Climate Change – Project Rainforest Alliance of Lipton in 2016

A brand with purpose prevents climate change and contribute to environmental sustainability.

Corporate Social Responsibility (CSR) has been more and more important today in consumers mind. People started to care not only about themselves, but also their environment. Unilever, Consumer Package Goods (CPG) company, launched “Unilever Sustainability Living Plan” (USLP) in 2010. The plan drew a vision that before 2025, the company is going double the business while halving environmental footprint. It is a challenging and unconventional mission statement. Traditionally, people perceived there is a trade-off between economy development and environmental impact. Unilever sent an extraordinary signal that it’s going to improve both at the same time. Rather than simply focusing on charity or donation, Unilever built each brand with purpose. For example, Dove stands for “Real Beauty”, saying that women shall be confident in themselves regardless of their ages, races or body shapes; Lifebuoy dedicates to promote sanitary concept by educating people in remote, developing areas.

 

The brand which address climate change and environmental issues is Lipton. Its Yellow Label Lipton Tea is now selling in more than 100 countries. To make commitment to environmental sustainability, Lipton volunteers to cooperate with an NGO called “Rainforest Alliance” (RA), which aim to fight climate change by reducing negative impacts from agriculture. Lipton set an ambitious goal that, by the end of 2015, all tea bag products under the brand should be sourced by Rainforest Alliance certificated tea farms.

 

The concept was highly recognized by consumers in Taiwan. As soon as it was deployed and communicated to consumers, the sales of the tea bag products grew 13.2% versus the same period in preceding year, which was a significant turnaround of Lipton tea bag’s business in 2016 H1 while the product line was suffering from decline in previous years. After the business success, more farmers were committed to join the certificate. Moreover, competitors followed Lipton’s pace to certify their tea farms to attract consumers. Lipton literally changed the face of the competition in Taiwan in 2016.

 

Despite of the success on business, Lipton team faced significant challenges on the whole supply chain. Firstly, tea leaves sourcing was a big issue. The procurement team had to find farmers who were willing to cooperate with Lipton to meet the standards required by the Certificate, which was extremely strict and complicate. For example, the pesticide usage was divided to 3 categories – green light (safe), yellow light (moderate toxic) and red light (dangerous to soil and human body). The certified tea farms could only adapt the pesticides in the first 2 categories, most of the farmers having to their previous behaviors. Beside pesticide regulation, there were ten regulatory categories, consisting of 100 sub-rules. The efforts put on communicating, persuading and changing incentive system was huge and costly. Moreover, production site audit was required. The factories used to produce Rainforest Alliance certificated tea products should pass the audit by the NGO. The process often takes half an year preparation and 3 days dedicated on-site audit, which were extra investment and complexity on factory operation.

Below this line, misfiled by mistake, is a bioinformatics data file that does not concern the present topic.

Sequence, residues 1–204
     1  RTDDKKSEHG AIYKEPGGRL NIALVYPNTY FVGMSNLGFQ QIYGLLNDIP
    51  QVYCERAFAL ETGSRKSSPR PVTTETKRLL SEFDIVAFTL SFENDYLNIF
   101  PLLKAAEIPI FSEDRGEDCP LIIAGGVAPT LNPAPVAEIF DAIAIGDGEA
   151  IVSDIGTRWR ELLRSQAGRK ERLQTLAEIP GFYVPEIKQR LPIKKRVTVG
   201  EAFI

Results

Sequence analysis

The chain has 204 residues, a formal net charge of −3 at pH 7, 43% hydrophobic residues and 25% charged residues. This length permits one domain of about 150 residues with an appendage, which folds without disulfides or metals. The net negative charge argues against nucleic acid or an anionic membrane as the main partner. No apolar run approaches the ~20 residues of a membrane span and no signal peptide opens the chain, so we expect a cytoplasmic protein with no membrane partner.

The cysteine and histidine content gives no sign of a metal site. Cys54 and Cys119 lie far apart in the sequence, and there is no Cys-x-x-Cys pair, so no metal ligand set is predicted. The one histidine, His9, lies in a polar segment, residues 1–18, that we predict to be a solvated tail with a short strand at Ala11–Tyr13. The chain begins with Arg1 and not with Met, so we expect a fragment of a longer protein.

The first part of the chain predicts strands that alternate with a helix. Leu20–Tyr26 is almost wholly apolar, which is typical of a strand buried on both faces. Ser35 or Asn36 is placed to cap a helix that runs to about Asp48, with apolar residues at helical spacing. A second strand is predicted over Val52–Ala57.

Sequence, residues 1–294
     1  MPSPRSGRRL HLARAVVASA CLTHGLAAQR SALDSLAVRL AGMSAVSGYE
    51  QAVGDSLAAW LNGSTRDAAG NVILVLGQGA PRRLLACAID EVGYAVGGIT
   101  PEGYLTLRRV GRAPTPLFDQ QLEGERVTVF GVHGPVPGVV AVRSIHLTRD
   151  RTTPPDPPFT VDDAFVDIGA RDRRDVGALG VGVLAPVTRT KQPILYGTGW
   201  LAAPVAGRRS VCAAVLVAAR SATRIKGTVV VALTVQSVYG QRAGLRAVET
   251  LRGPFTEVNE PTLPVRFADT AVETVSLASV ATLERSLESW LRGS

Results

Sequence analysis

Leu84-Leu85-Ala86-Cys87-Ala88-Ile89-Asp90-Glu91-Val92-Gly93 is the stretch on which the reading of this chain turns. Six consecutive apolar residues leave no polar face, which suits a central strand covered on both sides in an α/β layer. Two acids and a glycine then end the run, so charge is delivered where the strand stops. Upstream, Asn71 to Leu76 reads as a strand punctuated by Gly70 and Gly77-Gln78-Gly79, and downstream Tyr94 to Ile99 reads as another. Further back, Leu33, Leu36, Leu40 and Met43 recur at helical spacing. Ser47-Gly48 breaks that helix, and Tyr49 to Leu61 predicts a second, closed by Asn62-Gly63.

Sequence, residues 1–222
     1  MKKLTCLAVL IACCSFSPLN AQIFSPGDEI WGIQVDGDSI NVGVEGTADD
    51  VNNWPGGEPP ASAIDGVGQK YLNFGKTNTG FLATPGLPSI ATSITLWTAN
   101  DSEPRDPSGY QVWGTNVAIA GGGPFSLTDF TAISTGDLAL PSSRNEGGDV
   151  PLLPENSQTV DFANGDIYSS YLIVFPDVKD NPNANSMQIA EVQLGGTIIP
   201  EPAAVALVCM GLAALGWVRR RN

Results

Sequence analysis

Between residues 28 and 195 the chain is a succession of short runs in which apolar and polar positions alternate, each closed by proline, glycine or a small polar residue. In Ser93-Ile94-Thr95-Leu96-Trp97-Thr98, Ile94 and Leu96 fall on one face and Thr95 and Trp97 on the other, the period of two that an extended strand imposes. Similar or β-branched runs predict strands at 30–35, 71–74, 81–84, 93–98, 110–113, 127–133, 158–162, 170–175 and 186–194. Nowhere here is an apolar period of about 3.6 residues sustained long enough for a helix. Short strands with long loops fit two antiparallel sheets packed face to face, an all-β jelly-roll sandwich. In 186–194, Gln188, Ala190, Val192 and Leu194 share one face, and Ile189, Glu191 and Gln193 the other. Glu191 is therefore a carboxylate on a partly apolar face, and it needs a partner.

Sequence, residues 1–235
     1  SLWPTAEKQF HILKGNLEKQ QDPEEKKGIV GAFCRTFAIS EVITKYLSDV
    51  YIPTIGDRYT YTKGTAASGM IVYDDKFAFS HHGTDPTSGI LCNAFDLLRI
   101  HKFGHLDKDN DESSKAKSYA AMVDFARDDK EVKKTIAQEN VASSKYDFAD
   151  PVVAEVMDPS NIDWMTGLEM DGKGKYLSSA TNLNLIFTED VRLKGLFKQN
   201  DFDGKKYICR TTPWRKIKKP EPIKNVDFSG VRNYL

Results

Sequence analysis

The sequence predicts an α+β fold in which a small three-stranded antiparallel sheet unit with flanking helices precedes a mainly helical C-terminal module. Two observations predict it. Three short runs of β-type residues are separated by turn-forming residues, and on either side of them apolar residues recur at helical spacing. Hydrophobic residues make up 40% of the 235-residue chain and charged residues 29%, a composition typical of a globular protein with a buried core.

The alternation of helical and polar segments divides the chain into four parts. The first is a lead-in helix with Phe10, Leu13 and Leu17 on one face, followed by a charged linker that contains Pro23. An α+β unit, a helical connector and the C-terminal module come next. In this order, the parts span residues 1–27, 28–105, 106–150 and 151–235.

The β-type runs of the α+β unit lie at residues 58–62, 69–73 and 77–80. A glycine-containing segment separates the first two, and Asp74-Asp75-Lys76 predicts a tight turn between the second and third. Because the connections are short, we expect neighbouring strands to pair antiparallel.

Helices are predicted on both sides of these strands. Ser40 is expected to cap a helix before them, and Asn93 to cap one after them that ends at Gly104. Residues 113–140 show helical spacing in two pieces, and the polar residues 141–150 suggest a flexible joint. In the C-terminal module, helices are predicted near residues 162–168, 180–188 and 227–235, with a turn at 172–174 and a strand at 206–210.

Furthermore, there were several problems faced by the supply chain of Lipton tea bags. Firstly, the reaction of demand of tea leaves was slow. When the demand went up, it usually ends up with supply shortage because Lipton products can only use the tea leaves which came from the certificated tea farms – the flexibility suddenly became low. To avoid Out of Shelf (OOS) in trade, the only thing the team could do was to ask supplier to build higher safety stocks and absorb the cost of inventory or potential write-off of the remaining unsold tea leaves. Moreover, the difference in government regulation across different countries posted complexity on global supply. For example, the factory in Indonesia supplied Yellow Label tea bags to 8 Asian countries including Taiwan. Taiwanese government changed pesticide restriction on imported tea leaves frequently in response to the uncertainty of the safety of the raw materials. When Lipton team raised request on pesticide requirement to Indonesia supply chain, the reaction of the factory was often lagged. On one hand, Indonesia procurement team had to push back to farmers to improve pesticide usage, which was troublesome and time-consuming; on the other hand, Taiwan’s demand of tea leaves accounts for relatively small portion of total supply volume, the Indonesia team simply reluctant to help or change anything.

 

Although the excellent business result, the project was still suffering from huge complexity on sourcing, which raised cost of the product. The low margin was frequently reviewed by upper management team and stress was put on Lipton team. What’s the best way to drive business and sustainability while improving the gross margin? How should Taiwan Lipton team negotiate with Indonesia supply team to provide products that conform to local regulations? Should Taiwan team keep investing on Rainforest Alliance Certificate project?

 

[word count – 793]

 

*Source: